Today we continue our analysis of the impact of Governor Kasich’s mid-biennium education policy proposals with a look at how it would change the state’s charter school academic death penalty.  (See our previous analyses of how schools would fare under the new A to F rating system and how that rating system could impact eligibility for the EdChoice Scholarship Program.)

Ohio has had an automatic charter school closure law on the books since late 2006. Currently the law states that a charter school (not including drop-out recovery schools or schools primarily serving students with disabilities) must shut its doors if it meets one of the following criteria:

  • The school doesn’t offer a grade lever higher than three and has been declared to be in state of academic emergency for three of the four most recent years;
  • The schools offers any of grade levels four to eight but does not offer a grade level higher than nine and has been in a state of academic emergency for two of the three most recent years and in at least two of the threeost recent years, the school showed less than one standard year of academic growth in either reading or math;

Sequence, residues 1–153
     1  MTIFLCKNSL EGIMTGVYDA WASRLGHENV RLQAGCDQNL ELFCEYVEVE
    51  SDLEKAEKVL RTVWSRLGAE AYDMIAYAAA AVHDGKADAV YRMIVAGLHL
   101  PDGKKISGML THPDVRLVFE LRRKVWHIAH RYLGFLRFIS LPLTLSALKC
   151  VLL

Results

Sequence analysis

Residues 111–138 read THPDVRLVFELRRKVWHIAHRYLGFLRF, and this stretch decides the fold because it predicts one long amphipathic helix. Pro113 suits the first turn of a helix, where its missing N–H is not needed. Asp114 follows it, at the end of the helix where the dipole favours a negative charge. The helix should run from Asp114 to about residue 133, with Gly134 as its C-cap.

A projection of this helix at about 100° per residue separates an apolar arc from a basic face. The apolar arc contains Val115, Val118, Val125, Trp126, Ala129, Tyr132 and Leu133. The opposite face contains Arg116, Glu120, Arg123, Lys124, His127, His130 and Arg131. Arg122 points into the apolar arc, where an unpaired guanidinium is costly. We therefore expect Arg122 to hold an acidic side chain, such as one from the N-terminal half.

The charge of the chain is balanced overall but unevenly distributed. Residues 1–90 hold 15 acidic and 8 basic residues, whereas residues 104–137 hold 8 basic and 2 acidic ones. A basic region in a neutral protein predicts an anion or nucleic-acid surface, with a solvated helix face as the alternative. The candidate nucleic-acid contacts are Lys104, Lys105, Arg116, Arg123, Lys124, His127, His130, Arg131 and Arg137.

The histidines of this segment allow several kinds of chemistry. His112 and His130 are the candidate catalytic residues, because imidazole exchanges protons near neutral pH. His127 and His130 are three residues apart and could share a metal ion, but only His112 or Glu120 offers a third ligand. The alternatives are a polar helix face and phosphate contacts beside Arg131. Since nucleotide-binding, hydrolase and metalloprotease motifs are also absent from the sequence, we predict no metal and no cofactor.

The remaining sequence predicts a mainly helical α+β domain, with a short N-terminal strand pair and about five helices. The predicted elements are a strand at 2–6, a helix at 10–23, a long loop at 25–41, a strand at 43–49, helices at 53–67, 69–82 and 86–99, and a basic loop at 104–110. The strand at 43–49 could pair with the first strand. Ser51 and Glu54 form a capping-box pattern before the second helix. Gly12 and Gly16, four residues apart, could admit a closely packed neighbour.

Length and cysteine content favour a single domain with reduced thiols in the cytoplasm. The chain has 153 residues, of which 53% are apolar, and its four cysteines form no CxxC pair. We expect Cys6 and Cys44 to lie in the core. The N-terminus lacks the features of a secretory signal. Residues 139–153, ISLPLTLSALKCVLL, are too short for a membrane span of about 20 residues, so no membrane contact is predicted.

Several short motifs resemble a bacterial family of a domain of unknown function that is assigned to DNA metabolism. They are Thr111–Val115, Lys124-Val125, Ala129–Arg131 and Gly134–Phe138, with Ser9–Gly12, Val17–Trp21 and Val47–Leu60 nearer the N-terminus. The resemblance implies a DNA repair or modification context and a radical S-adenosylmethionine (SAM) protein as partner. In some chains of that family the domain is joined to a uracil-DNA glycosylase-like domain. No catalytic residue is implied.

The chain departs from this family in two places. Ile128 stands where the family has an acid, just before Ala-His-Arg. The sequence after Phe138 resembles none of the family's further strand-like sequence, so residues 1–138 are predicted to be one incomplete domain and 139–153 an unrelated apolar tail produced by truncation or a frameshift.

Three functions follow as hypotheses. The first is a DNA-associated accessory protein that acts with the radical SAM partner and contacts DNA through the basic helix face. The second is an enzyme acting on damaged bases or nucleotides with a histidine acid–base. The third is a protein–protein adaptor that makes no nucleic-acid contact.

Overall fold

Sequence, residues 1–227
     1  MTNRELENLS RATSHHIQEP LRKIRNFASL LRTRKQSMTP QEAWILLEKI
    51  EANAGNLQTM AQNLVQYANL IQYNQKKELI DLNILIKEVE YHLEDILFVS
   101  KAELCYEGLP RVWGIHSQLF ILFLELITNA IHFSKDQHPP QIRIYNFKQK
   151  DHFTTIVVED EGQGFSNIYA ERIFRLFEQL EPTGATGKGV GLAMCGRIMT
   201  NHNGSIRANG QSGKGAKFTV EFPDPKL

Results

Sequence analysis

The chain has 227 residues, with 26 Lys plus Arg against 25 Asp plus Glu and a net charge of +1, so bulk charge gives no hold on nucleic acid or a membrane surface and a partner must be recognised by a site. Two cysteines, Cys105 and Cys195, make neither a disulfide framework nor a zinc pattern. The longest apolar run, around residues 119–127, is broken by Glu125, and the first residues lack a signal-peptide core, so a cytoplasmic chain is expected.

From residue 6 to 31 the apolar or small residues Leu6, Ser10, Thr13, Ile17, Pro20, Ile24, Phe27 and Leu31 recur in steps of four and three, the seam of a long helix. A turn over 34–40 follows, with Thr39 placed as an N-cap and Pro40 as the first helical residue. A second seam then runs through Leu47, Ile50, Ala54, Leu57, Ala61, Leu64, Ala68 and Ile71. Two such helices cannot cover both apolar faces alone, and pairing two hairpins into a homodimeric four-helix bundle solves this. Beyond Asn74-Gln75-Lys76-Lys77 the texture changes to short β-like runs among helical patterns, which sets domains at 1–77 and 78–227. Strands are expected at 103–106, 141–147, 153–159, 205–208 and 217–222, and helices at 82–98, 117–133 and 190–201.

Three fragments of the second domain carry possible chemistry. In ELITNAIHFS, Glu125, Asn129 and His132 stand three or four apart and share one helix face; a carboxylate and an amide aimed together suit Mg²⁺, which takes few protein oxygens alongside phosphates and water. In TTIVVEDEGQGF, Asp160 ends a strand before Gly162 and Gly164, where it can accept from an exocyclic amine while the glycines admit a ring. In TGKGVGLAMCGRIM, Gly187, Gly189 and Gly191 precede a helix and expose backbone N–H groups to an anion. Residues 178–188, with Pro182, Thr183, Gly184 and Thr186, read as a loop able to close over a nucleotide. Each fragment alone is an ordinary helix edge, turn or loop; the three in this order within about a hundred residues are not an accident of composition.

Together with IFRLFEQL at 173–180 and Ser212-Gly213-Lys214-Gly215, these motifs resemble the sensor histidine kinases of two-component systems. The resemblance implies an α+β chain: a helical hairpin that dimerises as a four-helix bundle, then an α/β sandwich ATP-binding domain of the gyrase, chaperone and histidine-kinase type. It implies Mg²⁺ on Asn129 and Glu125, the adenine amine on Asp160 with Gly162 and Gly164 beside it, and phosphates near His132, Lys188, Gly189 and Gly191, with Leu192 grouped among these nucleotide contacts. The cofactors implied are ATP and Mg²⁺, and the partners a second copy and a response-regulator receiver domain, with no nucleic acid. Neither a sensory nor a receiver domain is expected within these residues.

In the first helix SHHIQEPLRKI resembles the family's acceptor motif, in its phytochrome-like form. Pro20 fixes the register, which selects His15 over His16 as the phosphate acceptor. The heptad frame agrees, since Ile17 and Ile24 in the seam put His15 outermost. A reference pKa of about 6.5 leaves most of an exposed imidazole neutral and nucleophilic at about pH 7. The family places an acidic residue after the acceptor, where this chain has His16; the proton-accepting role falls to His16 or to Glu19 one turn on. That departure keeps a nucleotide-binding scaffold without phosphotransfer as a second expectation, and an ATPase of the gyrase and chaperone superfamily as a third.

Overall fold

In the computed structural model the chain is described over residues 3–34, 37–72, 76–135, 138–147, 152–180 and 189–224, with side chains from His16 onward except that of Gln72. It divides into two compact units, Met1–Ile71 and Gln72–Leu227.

• The school offers any of grade levels ten to twelve and has been in a state of academic emergency for three of the four most recent school years.

Under these stipulations, 20 schools have been subject to automatic closure.  If the current version of SB 316 were to take effect, those schools could soon get a lot of company.

Kasich’s proposal changes the charter-closure law in two ways: 1) by instituting a new and more rigorous A-F rating system for schools and 2) by removing the exemption for dropout recovery schools from closure. What would be the impact of these changes?

Last August three schools were subject to automatic closure based on academic performance.  Had Kasich’s proposal been in place then, 28 schools would have made the list (eight more than have ever been subject to the provision).  

* denotes dropout recovery schools
Source: The Ohio Department of Education

As you can see in the chart above, the increase is largely due to the inclusion of dropout recovery schools. It’s also worth noting that while we expected to see more schools fall on the list under the governor’s proposal, it turns out that the A-F system might have saved one school (Lighthouse Community & Professional Development charter school) from automatic closure.

Stay tuned for more coverage of the Governor’s proposals in the weeks and months to come.

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